Here’s What You Need To Know About The Iconic Durga Puja Celebrations In Kolkata

One of the worldʼs biggest cultural fiestas, Kolkataʼs amazingly vibrant Durga Puja is an experience of a lifetime.


Colourful, electric, and musical. Kolkata’s famous Durga Puja festival
is considered by many to be the world’s largest art installation. Others think of it as a multi-hued carnival. And then there are those who consider it sheer madness. Interestingly, each of these impressions are equally apt! After all, how else would you describe a gala event in which almost the entire city is out on the streets, celebrating Bengal’s art, music, food, and most of all, its zest for life, for five straight days and nights? Nothing quite prepares you for Durga Puja’s (pujo) fervour. Not the books you read, nor the pictures you see, or even the stories you hear. It’s only when you land in the city that you truly experience the energy, spirit, and unabated joy all around. From the heady scent of night-blooming jasmine hanging heavy in the moist air to the unmissable din of animated conversations, mixed with soothing Bengali melodies on loudspeakers and the festive finery decorating every street—everything spells excitement.

Artistic Vistas

An elaborately designed pandal featuring Goddess Durga alongside
other mythological characters

It is, however, art that remains the most striking aspect of the celebration. Kolkata’s love for this creative form reaches its zenith during the festival as the entire megapolis transforms into one gigantic art gallery. Every corner turns into a blank canvas where local artists paint their visions. Streets are decorated with large, traditional alpanas (decorative designs), artistic hoardings loom over low buildings, and hand-painted murals adorn the walls. Colourful pandals, big and small, showcase the state’s artistic traditions— imagine a richly decorated, intricately designed pavilion depicting scenes from the life of Goddess Durga, another adorned with colourful toy kaleidoscopes, and yet another, in the shape of a large banyan tree made with earthen pots. The ingenuity on display here and the common man’s appreciation for the artists’ creativity is remarkable.

Women in traditional festive wear dancing at a pandal

Then, of course, there are the larger-than-life structures—an EiŽffel Tower here, a Colosseum there, a model of Khajuraho; if there is a famous monument anywhere in the world, chances are there’s a pandal modelled after it. There’s much to see outside the pandals,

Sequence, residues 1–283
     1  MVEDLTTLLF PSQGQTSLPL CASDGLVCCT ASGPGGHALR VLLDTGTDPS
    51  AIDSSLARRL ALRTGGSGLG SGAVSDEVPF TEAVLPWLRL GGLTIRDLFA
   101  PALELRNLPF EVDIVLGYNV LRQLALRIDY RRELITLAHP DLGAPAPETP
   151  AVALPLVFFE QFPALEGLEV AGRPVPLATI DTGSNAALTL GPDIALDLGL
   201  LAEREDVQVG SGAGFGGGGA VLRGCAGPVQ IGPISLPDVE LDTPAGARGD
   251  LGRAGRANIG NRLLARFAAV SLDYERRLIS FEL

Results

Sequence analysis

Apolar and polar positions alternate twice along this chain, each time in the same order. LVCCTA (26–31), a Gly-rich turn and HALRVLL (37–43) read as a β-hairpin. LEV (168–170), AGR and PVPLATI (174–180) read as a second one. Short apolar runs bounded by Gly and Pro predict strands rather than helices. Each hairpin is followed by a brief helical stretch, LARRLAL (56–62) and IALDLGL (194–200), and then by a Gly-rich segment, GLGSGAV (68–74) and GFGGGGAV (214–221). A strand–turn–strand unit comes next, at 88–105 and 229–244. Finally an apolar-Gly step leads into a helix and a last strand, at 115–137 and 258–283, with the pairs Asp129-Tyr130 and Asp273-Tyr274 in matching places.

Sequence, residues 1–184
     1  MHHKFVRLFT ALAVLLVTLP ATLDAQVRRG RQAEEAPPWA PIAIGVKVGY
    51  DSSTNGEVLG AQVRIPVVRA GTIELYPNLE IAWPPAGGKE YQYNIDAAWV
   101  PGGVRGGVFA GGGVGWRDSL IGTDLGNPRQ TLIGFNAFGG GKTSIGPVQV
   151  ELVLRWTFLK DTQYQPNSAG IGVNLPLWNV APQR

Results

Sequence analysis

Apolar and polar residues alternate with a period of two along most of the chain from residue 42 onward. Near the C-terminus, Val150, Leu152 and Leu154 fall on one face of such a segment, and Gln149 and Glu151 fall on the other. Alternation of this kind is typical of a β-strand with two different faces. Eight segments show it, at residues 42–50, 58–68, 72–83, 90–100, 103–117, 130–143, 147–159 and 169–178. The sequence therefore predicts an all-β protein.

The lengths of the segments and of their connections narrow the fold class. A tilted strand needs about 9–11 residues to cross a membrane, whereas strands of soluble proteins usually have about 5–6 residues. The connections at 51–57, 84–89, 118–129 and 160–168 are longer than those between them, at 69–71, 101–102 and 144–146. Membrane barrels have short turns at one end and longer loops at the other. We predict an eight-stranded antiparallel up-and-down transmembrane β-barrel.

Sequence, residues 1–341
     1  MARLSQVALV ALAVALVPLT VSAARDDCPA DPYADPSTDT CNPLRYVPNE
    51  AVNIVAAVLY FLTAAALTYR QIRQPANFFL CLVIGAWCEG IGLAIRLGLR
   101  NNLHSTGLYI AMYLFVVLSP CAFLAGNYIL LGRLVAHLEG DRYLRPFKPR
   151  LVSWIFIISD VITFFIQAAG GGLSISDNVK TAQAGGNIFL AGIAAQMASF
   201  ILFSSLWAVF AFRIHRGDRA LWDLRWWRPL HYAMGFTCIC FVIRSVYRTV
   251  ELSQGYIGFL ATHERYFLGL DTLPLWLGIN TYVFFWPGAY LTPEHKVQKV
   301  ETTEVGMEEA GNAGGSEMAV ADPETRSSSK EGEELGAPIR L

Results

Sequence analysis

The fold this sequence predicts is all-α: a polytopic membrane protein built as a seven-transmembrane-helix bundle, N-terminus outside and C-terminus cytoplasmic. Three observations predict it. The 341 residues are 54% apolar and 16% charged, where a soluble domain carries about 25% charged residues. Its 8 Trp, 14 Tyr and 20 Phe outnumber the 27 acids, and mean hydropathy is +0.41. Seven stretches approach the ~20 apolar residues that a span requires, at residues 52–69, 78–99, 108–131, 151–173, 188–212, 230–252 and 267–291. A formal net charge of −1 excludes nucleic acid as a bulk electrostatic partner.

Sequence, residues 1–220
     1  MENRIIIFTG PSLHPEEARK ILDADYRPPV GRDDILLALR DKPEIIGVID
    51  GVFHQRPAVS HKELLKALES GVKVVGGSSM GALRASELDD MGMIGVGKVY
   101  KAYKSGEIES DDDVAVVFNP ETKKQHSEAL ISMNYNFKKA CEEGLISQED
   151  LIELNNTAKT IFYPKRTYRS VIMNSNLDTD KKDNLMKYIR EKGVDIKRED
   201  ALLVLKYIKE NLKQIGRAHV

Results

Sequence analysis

too. In the days preceding the festival, areas surrounding popular pujos turn into expansive fairgrounds with toy makers, balloon sellers, book stalls, craftsmen, street-food vendors, and hawkers showcasing their wares to enchant the crowds. Enthusiastic locals and tourists from nearby towns, meanwhile, travel the length and breadth of the capital city to ensure they don’t miss any mela or pandal. Dressed in their pujo best (most aim to wear new clothes all five days), unhindered by the heat and humidity, jostling their way through serpentine queues, manoeuvring frenetic crowds, and walking for miles from one pandal to another, and dancing in celebration, it is
they who make Durga Puja truly festive.

Food, Glorious Food

Plateful of mango sandesh (Bengali sweet)

The other thing that makes pujo an experience to remember is its food. There’s a running joke about how while the rest of the country fasts for Navratri (a Hindu festival), Kolkata feasts. For a city that loves its food as much as Kolkata does, to even imagine a celebration without it is sacrilege. And so, for the five days of Durga Puja, it turns into a 24-hour food fiesta. Sweet shops spill onto main roads; restaurants, dhabas, cafés, and even clubs and pubs work round the clock. And entire streets turn into exclusive food zones oŽffering everything from biryani to burgers, chow mien to samosas, pizza to parathas, and ice-creams to mishti doi (a Bengali sweet). It is not uncommon for people to make their annual trip to the city just for
the pujo feast.

A tempting spread of bhog or festive food

The most unique aspect of this delicious adventure remains the traditional community bhog, an elaborate repast prepared by skilled chefs, first oŽffered to the goddess, and then shared among people. Entire neighbourhoods gather around their local pandal to enjoy their meals together, be it the basic yet coveted khichri and labra (a special mixed vegetables dish) bhog or more fancy menus of pulaos, luchis (deep-fried breads), curries, and sweets. It is also here, in these intimate gatherings, that the true spirit of community and brotherhood—values at the heart of pujo celebrations—are lived to their fullest. What is a celebration, after all, if not shared with your loved ones?

A Bengali version of kheer.


Vistara offers daily direct flights from Delhi and Mumbai to Kolkata.


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